Originally conceived by César Manrique and designed by the artist Jesús Soto for the British developer Sam Benady with an architectural vision which could evoke mental imagery from the arabian nights mythology.
In the early 1970s actor Omar Sharif came to Lanzarote to film “The Mysterious Island”, he visited LagOmar, fell in love with it and bought it.
San Benady knowing Sharif’s reputation as a card player challenged him to a game of Bridge. Sharif accepted the challenge, not realizing that Benady was also a champion Bridge player, and allegedly lost the house.
In 1989 architects Dominik von Boettinger from Germany and Beatriz van Hoff from Uruguay bought the house and initiated the last phase of development. They sought the advice of local artists and created a vernacular architecture inspired by the elements and the island’s capricious topography.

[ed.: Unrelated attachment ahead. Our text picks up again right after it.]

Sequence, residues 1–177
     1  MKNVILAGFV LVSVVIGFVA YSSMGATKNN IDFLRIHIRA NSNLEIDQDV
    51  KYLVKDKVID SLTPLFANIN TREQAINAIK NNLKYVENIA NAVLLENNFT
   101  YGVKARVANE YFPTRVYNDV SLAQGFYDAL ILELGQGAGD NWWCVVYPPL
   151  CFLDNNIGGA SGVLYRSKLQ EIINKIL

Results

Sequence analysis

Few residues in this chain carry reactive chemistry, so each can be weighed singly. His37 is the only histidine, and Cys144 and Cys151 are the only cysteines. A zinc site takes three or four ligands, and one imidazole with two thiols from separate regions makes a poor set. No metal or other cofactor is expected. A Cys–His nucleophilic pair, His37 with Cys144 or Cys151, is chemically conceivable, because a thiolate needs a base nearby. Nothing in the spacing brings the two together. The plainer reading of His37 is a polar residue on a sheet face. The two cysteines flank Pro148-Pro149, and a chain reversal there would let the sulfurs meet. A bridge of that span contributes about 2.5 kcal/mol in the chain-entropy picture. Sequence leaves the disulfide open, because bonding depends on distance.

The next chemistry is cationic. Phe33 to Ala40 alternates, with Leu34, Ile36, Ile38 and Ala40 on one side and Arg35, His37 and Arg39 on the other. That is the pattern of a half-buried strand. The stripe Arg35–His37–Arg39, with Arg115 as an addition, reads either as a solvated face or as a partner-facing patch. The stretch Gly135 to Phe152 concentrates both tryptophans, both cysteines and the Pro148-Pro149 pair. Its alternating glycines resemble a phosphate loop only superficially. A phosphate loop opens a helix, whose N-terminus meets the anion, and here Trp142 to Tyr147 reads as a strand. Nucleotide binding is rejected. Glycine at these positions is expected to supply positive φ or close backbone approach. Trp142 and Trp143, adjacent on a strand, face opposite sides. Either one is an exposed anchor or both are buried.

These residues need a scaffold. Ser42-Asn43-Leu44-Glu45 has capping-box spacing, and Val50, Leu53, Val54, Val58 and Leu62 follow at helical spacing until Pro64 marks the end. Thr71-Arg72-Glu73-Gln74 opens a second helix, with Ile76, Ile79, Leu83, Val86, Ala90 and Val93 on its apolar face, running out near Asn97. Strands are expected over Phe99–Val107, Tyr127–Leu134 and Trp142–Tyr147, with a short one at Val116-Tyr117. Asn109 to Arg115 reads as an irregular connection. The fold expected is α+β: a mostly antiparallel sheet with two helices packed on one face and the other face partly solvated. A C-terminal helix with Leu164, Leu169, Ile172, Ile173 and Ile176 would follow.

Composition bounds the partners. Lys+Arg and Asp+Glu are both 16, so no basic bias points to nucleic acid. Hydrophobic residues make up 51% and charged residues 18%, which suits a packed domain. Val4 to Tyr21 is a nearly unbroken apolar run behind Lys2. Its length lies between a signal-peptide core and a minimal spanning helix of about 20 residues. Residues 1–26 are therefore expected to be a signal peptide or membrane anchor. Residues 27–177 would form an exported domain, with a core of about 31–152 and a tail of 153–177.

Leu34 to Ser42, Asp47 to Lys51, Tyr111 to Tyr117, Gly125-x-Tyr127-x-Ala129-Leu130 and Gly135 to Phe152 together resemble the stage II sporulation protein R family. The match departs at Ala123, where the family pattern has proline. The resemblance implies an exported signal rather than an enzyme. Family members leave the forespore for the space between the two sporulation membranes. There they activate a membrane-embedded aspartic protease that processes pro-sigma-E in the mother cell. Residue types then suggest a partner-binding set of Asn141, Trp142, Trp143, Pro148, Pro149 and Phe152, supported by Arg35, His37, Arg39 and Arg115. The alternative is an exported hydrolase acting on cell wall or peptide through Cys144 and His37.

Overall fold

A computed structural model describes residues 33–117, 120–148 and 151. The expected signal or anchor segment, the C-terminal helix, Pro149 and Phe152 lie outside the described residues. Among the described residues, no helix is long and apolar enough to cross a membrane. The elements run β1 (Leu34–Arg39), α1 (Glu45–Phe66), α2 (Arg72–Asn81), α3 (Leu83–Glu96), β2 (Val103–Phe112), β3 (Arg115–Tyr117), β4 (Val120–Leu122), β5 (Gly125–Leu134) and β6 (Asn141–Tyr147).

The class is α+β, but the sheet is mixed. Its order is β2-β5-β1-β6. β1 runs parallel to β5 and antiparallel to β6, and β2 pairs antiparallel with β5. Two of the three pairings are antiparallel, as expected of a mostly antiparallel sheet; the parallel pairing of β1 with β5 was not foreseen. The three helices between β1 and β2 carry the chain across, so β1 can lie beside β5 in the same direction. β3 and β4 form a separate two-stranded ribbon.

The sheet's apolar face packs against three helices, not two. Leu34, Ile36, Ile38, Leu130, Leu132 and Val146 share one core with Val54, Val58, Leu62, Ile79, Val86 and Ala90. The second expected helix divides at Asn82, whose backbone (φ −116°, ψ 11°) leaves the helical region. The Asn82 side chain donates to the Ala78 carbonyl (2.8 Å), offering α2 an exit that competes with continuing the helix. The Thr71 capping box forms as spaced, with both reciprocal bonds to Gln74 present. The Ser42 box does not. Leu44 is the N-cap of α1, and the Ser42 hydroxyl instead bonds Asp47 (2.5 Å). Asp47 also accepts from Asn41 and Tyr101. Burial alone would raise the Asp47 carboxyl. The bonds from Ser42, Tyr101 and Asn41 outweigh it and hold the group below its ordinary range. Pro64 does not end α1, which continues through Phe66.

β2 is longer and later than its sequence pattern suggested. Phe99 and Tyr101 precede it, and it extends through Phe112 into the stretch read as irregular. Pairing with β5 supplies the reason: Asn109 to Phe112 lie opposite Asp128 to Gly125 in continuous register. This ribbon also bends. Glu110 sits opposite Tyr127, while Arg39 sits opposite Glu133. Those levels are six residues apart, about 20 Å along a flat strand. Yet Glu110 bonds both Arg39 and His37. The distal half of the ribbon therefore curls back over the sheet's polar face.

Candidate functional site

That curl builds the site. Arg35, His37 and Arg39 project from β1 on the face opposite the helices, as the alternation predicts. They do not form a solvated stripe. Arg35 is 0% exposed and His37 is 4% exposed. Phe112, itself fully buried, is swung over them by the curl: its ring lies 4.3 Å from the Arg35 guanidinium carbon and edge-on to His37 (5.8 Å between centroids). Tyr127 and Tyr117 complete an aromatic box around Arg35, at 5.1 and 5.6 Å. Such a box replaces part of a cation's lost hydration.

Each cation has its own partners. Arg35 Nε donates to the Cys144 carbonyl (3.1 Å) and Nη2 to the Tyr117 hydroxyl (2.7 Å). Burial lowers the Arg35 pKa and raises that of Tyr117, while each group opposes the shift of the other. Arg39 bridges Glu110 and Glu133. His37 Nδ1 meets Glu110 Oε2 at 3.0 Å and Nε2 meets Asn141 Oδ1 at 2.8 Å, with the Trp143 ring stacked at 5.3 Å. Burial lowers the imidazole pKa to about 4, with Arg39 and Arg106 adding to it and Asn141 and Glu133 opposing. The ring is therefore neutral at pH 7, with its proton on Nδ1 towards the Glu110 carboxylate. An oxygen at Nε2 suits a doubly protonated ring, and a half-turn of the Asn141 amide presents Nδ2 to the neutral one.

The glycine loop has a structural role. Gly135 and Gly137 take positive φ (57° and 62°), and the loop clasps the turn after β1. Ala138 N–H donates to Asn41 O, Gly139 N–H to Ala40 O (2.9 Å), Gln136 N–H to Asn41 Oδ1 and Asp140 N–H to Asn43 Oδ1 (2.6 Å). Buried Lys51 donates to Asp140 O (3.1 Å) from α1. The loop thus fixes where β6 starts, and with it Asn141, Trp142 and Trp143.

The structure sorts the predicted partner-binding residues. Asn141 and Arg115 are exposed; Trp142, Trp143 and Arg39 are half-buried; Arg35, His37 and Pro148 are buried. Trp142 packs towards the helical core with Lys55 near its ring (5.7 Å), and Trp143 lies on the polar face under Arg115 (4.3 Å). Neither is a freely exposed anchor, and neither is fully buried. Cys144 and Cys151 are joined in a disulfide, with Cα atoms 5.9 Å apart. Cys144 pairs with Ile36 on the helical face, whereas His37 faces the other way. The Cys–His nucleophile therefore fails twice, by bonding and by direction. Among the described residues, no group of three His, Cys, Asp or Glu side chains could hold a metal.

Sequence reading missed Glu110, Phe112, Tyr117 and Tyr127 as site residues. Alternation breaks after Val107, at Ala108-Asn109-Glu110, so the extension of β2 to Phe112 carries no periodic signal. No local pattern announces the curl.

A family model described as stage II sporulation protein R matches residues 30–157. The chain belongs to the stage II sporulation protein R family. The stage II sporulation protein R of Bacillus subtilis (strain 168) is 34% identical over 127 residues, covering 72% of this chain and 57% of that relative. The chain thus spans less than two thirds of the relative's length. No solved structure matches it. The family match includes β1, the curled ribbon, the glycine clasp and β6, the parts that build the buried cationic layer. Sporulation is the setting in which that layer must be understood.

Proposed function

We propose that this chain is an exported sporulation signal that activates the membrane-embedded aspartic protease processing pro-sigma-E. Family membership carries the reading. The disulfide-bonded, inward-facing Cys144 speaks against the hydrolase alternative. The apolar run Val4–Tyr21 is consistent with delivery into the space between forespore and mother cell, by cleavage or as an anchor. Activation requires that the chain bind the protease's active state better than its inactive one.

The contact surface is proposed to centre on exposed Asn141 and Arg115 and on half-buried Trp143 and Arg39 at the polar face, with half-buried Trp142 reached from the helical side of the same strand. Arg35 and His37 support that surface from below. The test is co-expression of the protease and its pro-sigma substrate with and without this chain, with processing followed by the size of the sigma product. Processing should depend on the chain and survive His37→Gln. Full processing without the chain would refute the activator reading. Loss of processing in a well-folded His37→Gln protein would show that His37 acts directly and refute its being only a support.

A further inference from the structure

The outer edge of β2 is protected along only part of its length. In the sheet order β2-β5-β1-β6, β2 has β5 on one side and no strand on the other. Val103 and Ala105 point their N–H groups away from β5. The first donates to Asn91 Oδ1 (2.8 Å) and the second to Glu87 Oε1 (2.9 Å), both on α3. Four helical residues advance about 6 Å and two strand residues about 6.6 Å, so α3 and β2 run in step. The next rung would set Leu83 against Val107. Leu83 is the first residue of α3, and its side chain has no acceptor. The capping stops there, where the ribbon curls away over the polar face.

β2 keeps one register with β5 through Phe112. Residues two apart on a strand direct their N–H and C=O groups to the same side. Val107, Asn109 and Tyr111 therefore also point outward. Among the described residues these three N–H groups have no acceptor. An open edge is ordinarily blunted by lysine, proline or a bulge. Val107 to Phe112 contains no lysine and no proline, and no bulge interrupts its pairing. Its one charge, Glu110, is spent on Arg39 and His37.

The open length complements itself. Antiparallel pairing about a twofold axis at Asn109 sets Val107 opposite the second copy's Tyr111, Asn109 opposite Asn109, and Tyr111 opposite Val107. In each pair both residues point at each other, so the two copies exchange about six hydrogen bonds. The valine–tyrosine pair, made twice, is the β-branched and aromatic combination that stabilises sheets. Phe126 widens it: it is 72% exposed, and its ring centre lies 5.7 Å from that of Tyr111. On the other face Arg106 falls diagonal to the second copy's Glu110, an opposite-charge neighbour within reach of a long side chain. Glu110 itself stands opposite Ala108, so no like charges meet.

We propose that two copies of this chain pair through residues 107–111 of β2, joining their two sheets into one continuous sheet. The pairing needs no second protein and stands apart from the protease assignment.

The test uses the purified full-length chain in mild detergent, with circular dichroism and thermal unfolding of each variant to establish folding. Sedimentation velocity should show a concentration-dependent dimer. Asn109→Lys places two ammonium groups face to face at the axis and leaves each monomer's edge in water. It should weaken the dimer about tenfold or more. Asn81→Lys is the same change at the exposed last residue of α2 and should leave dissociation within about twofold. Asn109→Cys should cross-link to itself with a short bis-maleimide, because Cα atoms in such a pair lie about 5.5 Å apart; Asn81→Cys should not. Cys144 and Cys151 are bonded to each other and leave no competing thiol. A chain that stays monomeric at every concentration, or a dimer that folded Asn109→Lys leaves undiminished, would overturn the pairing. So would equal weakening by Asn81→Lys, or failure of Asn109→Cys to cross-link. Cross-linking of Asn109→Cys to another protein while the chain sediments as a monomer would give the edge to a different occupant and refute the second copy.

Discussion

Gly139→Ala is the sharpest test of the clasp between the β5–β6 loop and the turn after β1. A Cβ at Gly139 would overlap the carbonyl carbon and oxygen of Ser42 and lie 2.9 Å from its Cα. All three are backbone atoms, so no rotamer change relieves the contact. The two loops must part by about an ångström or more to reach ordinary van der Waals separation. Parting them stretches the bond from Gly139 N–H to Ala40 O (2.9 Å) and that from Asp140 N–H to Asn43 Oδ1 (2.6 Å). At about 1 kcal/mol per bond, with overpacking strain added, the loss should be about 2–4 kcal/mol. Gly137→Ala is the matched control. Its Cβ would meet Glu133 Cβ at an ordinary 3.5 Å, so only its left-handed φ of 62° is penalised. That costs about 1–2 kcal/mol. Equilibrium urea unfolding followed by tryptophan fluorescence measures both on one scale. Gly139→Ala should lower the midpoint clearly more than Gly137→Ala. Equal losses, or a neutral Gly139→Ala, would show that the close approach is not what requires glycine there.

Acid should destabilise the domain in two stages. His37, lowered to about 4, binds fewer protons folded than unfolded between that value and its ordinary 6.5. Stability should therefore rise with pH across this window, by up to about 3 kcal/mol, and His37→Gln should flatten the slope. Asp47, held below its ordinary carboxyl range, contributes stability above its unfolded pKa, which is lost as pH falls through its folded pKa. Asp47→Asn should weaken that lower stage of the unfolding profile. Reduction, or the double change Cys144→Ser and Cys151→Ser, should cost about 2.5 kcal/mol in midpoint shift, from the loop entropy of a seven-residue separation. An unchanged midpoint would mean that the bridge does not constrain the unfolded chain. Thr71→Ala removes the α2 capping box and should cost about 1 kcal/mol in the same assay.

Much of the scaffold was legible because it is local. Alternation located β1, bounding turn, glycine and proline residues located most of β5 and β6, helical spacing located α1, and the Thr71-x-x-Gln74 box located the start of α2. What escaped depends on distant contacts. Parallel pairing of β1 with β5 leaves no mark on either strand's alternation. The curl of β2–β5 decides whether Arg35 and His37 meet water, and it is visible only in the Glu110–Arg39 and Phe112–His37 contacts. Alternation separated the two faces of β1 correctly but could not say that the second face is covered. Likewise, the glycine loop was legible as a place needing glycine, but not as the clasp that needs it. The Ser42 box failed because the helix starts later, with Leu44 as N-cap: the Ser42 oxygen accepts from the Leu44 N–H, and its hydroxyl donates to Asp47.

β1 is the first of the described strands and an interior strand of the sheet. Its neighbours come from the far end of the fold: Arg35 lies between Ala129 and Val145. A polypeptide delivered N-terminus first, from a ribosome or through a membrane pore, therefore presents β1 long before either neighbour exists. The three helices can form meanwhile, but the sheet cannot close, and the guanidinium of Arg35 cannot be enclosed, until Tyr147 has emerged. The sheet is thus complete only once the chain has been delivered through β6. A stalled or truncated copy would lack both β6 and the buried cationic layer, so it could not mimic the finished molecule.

The existing caves were refurbished using wood and artifacts from local shipwrecks, for the beams and lights. Local flora was incorporated in the design: cactus, palm, aloes and bougainvillea, to form an oasis within the rock. They used glass, washed concrete and pebbles to generate circular patios, the lake, cascades and a series of curvaceous spaces avoiding all forms of square tiling whatsoever.